The building that housed the West Island Assistance Fund office and thrift shop in Roxboro is a total loss following a devastating fire, Monday.
“The firefighters advised us that it should be knocked down and rebuilt completely,” WIAF board president Michael Labelle said, Tuesday. “All that remains is a pile of rubble and twisted metal.”
Labelle said the immediate priority is to contact the fund’s insurance carrier and Bell Canada.
“Our telephone line is down, so we need to set up a new line at the food depot,” he said. “I’m sitting in the food depot right now. This will become our temporary administration office.”
Labelle said they don’t yet know the cause of the fire which broke out late Monday morning. One bit of good news was that the firefighters were able to extinguish the blaze briefly, just long enough for Labelle to enter the office and grab important documents, including the insurance file. All other files were destroyed, but Labelle said there are backup files they can access.
Following Labelle’s quick document grab, the fire flared up again. He said firefighters were still battling the flames when he left at the scene at 7:30 p.m.
Because the WIAF food depot is located elsewhere, the food portion of Christmas basket program is ready to go.
“The food depot was not affected. We don’t need food,” Labelle said. “So we are asking people not to bring food donations that could be used by another food bank.”
However, the toys to be distributed with the food baskets were destroyed in the fire, which has prompted an emergency toy drive.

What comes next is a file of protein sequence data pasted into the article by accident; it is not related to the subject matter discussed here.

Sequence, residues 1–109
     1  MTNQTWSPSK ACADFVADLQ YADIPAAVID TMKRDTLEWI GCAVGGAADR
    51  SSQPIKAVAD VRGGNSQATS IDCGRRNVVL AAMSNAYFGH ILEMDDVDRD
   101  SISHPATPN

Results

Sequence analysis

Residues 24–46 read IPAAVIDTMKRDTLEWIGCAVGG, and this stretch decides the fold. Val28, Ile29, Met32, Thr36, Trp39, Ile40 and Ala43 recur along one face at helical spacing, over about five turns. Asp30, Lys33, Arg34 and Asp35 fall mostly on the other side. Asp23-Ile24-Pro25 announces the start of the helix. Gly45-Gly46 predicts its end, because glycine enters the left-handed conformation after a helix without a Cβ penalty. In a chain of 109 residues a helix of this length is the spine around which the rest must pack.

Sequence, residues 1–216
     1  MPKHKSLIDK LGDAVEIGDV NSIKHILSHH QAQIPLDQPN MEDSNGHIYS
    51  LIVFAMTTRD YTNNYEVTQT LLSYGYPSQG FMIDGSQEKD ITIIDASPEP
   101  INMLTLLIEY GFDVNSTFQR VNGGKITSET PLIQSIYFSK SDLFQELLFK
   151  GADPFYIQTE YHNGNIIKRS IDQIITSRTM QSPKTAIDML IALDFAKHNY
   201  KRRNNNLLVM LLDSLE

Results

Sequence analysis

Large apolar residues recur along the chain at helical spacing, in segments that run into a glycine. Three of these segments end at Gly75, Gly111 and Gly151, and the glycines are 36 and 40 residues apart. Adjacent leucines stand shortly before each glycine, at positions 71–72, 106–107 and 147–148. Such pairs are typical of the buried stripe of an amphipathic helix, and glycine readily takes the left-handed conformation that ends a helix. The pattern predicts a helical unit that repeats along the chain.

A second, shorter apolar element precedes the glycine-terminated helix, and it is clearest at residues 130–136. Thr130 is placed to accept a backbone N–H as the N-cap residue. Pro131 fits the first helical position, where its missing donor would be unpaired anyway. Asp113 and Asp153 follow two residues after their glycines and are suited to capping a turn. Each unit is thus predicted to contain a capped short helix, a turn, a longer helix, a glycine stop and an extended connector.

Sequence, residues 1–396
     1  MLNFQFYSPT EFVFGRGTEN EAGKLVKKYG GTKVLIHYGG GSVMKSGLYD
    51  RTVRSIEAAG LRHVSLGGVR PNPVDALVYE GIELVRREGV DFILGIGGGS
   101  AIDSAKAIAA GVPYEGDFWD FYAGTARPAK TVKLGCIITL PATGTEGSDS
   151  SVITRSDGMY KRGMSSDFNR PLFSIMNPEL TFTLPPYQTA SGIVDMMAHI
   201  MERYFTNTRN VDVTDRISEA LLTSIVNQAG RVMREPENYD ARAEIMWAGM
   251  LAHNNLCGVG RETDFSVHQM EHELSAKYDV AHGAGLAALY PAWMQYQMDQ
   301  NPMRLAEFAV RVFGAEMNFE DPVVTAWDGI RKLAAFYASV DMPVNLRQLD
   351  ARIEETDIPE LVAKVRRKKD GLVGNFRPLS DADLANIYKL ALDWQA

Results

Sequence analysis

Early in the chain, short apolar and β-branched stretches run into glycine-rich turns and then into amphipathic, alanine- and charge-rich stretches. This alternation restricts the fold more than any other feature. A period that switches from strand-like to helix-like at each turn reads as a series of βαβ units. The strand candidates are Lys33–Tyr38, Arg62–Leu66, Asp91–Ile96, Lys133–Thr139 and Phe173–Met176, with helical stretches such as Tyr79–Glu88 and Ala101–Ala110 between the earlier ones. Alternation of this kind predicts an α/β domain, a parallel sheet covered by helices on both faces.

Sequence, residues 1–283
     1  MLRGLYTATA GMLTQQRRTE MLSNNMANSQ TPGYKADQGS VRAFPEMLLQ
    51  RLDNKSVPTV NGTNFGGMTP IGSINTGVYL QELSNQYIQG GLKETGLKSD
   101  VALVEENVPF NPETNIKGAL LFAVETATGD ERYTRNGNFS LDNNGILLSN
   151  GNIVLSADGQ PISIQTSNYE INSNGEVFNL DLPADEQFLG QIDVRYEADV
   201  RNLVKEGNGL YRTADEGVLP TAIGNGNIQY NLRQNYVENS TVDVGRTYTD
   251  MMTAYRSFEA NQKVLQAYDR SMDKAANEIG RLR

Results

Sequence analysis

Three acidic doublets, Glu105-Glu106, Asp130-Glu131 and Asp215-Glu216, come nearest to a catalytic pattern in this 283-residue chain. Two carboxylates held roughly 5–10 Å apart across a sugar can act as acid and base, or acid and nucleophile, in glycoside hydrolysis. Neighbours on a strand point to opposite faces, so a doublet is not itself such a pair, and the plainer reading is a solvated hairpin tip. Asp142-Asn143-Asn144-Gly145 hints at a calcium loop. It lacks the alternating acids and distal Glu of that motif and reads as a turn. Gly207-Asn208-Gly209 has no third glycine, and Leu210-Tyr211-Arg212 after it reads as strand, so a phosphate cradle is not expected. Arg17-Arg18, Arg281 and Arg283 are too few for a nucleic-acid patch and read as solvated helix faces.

Sophie McCann, executive director for West Island Community Shares, said three locations are open for people to drop off new toys, suitable for children six years old and younger.
They are: The WIAF food depot, 21, rue du Centre Commercial in Roxboro (Mon. to Fri. from 8:30 a.m. to 4:30 p.m.), CEGEP Gérald-Godin, 15615 Gouin Blvd., Ste-Geneviève, (8 a.m. to 11 p.m. daily) and West Island Community Shares, 610 St-Jean Blvd., Pointe-Claire (8 a.m. to 6 p.m. Mon. to Fri.)
The list of suggested items: education games; puzzles, English and French books; crayons; crafts and Lego and Playmobil sets. No electronics and no toys with batteries. The gifts should be delivered unwrapped.
Labelle said they are setting up a reconstruction fund to be used to either completely rebuild, or to finance a move to another location.
“We lost our thrift shop, which represents half of our income,” he said. “So we are encouraging people who want to help to go to our website and donate.”
Pierrefonds-Roxboro Mayor Jim Beis said the immediate priority was to provide families in need with the holiday basket and gifts, but that helping WIAF re-establish the thrift shop is the next big need.
“We will look for ways to facilitate the process,” the borough mayor said. “For example, we can make sure they receive the necessary permits in a reasonable time.”
It’s the second time this year that the outreach organization has been hit with bad luck. In March, vandals climbed up a fire escape at the back of the building and smashed a kitchen window to access the second-floor administration offices. They left a colossal mess and damaged valuable equipment.
In 2015, the charity was burgled three times in six months. The thief turned out to be a client of the WIAF food bank.
To donate to the West Island Assistance Fund reconstruction fund, visit www.fdoi.org.